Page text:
21st Century War

Indonesia's bankruptcy leads to chaos

21st Century War Arguably globalisation did everyone a favour by melting down the economy of Indonesia because it laid bare the country's despotism and corruption. The tragedy is that globalisation didn't just flatten the crony capitalists, but also the ordinary people who had just been working hard according to the local rules. The question now is whether institutions like the IMF can take advantage of the moment, or whether it will squash them into the ground; whether ultimately the IMF cares only about the interests of powerful countries and corporations....
Nyadi, the manager of a Jakarta shelter house, told us about an incident that happened last week. "Five of our homeless teenage boys got on a bus, pretending to be pengamen or buskers. Just outside the station, they take out knives and start to rob the terrified passengers." People in cars noticed that the bus has stopped in the middle of the road and realised what was going on. A crowd formed, dragged the boys off the bus, beat them up and then set them on fire - burnt them to death right there in the street. They were only about 14-15 years old! They should have been in school."

Violence like this is so commonplace the newspapers don't bother to report it, according to Yusuf Arifin of the Jakarta Post newspaper: "That was the 80th incident involving mob aggression this month. Young pickpockets are killed everyday, at the central bus and train stations. Money is so hard to come by, people are very angry when they catch a thief. We don't bother reporting it in the paper anymore. It's bad for business."

Indonesia, the most lavish of the Asian tiger economies that boomed through the greed-is-good years of the Eighties, finally went bust in 1998. 75% of the country's businesses went to the wall. Banks collapsed. The Rupiah (currency) went into free-fall. Rioting students and citizens forced General Suharto out of power after a 32 year dictatorship. The IMF stepped in to pick up the pieces. Then things got worse.

"When we signed the deal with the IMF we didn't realise the real burden of implementing it," says Dr Sri Mulyani Indrawati, senior government economic advisor. "We have to pay half our Gross Domestic Product just to service our debt." Standing at $147 billion, Indonesia's is the largest national debt in the world. The figures are boggling - $59 billion should have been repaid in 1998, no re-scheduling has been agreed. Sitting in his marble-clad skyscraper office, Josh Felman of the IMF points out that "Indonesia has got to balance the books. They have to make some structural readjustments".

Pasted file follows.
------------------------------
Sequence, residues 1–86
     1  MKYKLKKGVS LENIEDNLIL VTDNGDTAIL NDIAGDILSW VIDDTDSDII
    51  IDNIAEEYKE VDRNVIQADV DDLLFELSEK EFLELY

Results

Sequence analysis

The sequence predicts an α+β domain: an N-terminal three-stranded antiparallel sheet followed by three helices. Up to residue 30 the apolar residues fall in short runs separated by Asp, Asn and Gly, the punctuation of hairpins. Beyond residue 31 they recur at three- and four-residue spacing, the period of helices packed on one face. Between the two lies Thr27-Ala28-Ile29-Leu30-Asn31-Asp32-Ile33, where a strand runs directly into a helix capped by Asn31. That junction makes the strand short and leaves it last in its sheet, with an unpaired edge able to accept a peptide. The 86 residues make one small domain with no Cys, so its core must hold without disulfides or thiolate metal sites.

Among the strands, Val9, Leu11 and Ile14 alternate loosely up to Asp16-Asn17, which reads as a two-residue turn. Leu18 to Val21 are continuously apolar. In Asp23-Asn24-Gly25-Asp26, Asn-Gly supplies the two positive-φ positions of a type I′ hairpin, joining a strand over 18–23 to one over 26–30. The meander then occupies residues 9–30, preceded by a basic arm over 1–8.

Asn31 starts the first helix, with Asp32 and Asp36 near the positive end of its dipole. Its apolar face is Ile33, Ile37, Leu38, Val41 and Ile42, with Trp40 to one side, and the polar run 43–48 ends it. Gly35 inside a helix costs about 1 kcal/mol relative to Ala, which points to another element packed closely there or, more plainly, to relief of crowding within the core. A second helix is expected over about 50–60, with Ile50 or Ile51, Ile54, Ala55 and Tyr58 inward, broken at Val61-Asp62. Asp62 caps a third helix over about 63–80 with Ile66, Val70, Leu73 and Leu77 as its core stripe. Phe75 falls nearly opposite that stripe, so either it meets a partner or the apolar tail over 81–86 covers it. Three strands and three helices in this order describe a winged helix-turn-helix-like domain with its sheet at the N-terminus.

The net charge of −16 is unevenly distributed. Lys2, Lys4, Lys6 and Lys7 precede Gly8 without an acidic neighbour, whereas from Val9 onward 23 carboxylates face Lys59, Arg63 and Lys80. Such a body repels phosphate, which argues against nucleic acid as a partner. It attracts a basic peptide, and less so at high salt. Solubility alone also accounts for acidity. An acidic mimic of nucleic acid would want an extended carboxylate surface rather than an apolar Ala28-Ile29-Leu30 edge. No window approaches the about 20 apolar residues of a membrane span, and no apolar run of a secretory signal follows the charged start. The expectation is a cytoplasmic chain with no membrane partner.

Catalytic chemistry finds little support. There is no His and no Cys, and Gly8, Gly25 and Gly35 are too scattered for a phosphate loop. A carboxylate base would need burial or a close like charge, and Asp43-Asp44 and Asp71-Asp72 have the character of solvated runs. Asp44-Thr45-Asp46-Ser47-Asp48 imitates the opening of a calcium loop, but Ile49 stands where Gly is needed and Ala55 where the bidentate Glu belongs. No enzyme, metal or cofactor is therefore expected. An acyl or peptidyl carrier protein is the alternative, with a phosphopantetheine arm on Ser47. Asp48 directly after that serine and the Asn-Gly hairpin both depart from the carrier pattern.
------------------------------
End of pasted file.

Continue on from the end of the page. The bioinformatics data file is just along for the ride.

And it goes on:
Wardah Hafidz, active in the newly sprouting slums of Matraman district sees it another way. "The IMF tell us we must sell what's left of the country's silver and slash Public Spending - health, education, food and fuel subsidies. That sounds easy - but now 90 million people, nearly half the population, are living on less than $5 per day. Trying to cope with even the smallest price hike on this income is impossible". People are becoming refugees in their own country, unable to care for their children or themselves. Wardah tries to help children on the street, either working as street hawkers, child sex workers, shoe shiners and the like; some get high from inhaling glue or suba suba, heroin.

The forecourt of Nyandi's shelter house looks like a tip with piles of rusting fridges, bald tires, tin cans. "We are trying to run a re-cycling scheme - the children collect the rubbish and sell it. Young people arrive from the countryside all the time. The rains didn't come so the harvest failed in April. At home there is no rice, no money to keep them in school, no jobs - they have to come to the city to survive. There are so many children, just hanging about on every street with nothing to do".

"These children are stealing because they have to. But it's hard for everybody to make even $1, so when a boy is caught - he is just killed, on the spot. The Police do nothing, in case they are burnt by the people too".

The human aftershocks of the crisis have been underestimated. This is suffering on a grand scale. Mark Baird of the World Bank has the other view. "Giving investors more confidence is the key to economic recovery in Indonesia. It may take a year or two for the money men to come back. Or it may take 10 years".

Produced by Mentorn

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